About sexuality education

Sexuality education means different things to different people, but there is one thing all the experts agree on: it’s not just about biology. Hence the preferred term: sexuality education.

Sexuality education for a year five, primary school student will look different to sexuality education for a year nine, secondary school student. And because it’s not just about biology - though that remains important - many students who have participated in sexuality education classes may not be aware they have.

This section includes information on why we need sexuality education, Victorian policy, information on the national framework, the whole-school approach to learning and references for teachers and principals.

Why we need sexuality education − National research supporting the need for sexuality education and question and answer support.

Whole-school learning in sexuality education − Information on the model of whole-school learning in sexuality education and the roles of teachers, parents, government and the community.

Sexuality education policy − An overview of Victorian sexuality education policy, the national framework principles, and policies and practices in the UK.

Sexuality education in Victorian schools

In Victoria, it is compulsory for government schools to provide sexuality education within the Health and Physical Education domain, including assessment and reporting against the Victorian Essential Learning Standards. The most effective sexuality education programs also take a whole-school learning approach.

Good school-based sexuality education is:

  • driven by the school leader
  • comprehensive
  • inclusive
  • supported by the latest research
  • ongoing and integrated into a student’s cross-curriculum learning
  • assessed and reported against student achievement in the Victorian Essential Learning Standards
  • part of a student’s whole-school learning experience.

Catching On to sexuality education

Cathing On Years 9 and 10

Under the Department’s Catching On sexuality education program, the Department offers:

The Catching On resources have been made possible through this Department and the Department of Human Services.

The goal of sexuality education

The goal of sexuality education in Victorian schools is to build on knowledge, skills, and behaviours, thus enabling young people to make responsible and safe choices.

Good sexuality education focuses on love, safer sex, abstinence, respect for others and oneself, diversity, personal rights and responsibilities, relationships and friendships, effective communication, decision-making and risk behaviours.

School-based sexuality education is one of the core learning and teaching responsibilities a school undertakes to equip its students for a healthy and fulfilling adult life.

Non-government schools

Catholic and independent schools are welcome to use the Department’s policies, training and resources. The majority of Catholic and independent schools have chosen to assess and report student achievement against the Victorian Essential Learning Standards.

References for teachers and principals

Below is a list of references that underpin sexuality education policy approaches in Victoria.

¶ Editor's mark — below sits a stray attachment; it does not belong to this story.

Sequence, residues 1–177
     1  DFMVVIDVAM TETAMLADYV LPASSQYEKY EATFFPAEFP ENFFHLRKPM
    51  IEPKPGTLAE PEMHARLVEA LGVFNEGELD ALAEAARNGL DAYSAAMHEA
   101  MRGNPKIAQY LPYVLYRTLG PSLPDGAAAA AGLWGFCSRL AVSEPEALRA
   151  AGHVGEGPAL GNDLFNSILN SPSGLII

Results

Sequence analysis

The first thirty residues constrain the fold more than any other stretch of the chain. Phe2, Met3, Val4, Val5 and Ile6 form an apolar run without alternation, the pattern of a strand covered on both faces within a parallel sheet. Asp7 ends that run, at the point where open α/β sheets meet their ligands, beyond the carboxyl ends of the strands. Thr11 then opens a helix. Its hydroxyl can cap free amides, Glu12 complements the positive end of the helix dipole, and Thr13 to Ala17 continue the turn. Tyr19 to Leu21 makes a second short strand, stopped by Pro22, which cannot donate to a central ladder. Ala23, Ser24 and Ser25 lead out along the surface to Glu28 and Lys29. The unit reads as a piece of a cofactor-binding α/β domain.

Further useful references

  • Dickson, R., Fullerton, D., Eastwood, A., Sheldon, T., Sharp, F et al. (1997) ‘Effective Health Care: Preventing and reducing the adverse effects of unintended teenage pregnancies’, National Health Service Centre for Reviews and Dissemination University of York.
  • DiIorio, Colleen; Resnicow, Ken et al (2006) ‘ Keepin' It R.E.A.L.!: Results of a Mother-Adolescent HIV Prevention Program’, Nursing Research, 55(1):43-51, University of North Carolin.
  • Forrest, S., Strange, V., Oakley, A., and the RIPPLE team (2002) ‘A comparison of student evaluations of a peer-delivered sex education programme and teacher-led programme’, Sex Education, 2(3): 195-214.
  • Hutchinson Katherine M. (July, 2002) ‘The Influence of Sexual Risk Communication Between Parents and Daughters on Sexual Risk Behaviors’ Family Relations, Volume 51 Issue 3 Page 238-247, US.
  • Kirby, D., Barth, R., Leland, N. and Fetro, J. (1991) ‘Reducing the risk: a new curriculum to prevent sexual risk-taking’, Family Planning Perspectives 23 pp.253-263.
  • Kirby, D., Short, L., Collins, J., Rugg, D., Kolbe, L., Howard M et al. (1994) ‘School-based programmes to decrease sexual risk behaviours: a review of effectiveness’, Public Health Report 109 pp.336-360.
  • McQueen, David V. & Jones, Catherine M., eds. (2007). Global Perspectives on Health Promotion Effectiveness. New York: Springer Science & Business Media.
  • Schaalma, R., Kok, G. and Peters, L. (1993) ‘Determinants of consistent condom use by adolescents: the impact of experience of sexual intercourse’, Health Education Research, Theory and Practice 8 pp.255-269.
  • Stephenson, J. M., Strange, V., Forrest, S., Oakley, A ., Copas, A., Allen, E., Babiker, A., Black, S., Ali, M., Monteiro, H., Johnson, A. M. and the RIPPLE study team. (2004) ‘Pupil-led sex education in England (RIPPLE study): cluster-randomised intervention trial’, The Lancet, 364 (9421): 338-346.
  • Wellings, K., Wadsworth, J., Johnson, A.M., Field, J., Whitaker, L.B. (1995) ‘Provision of sex education and early sexual experience: the relation examined’, British Medical Journal 311 pp. 417-420.
  • Wight, D., Abraham, C. and Scott, S. (1998) ‘Towards a psychosocial theoretical framework for sexual health promotion.’ Health Education Research, 13 pp.317-330.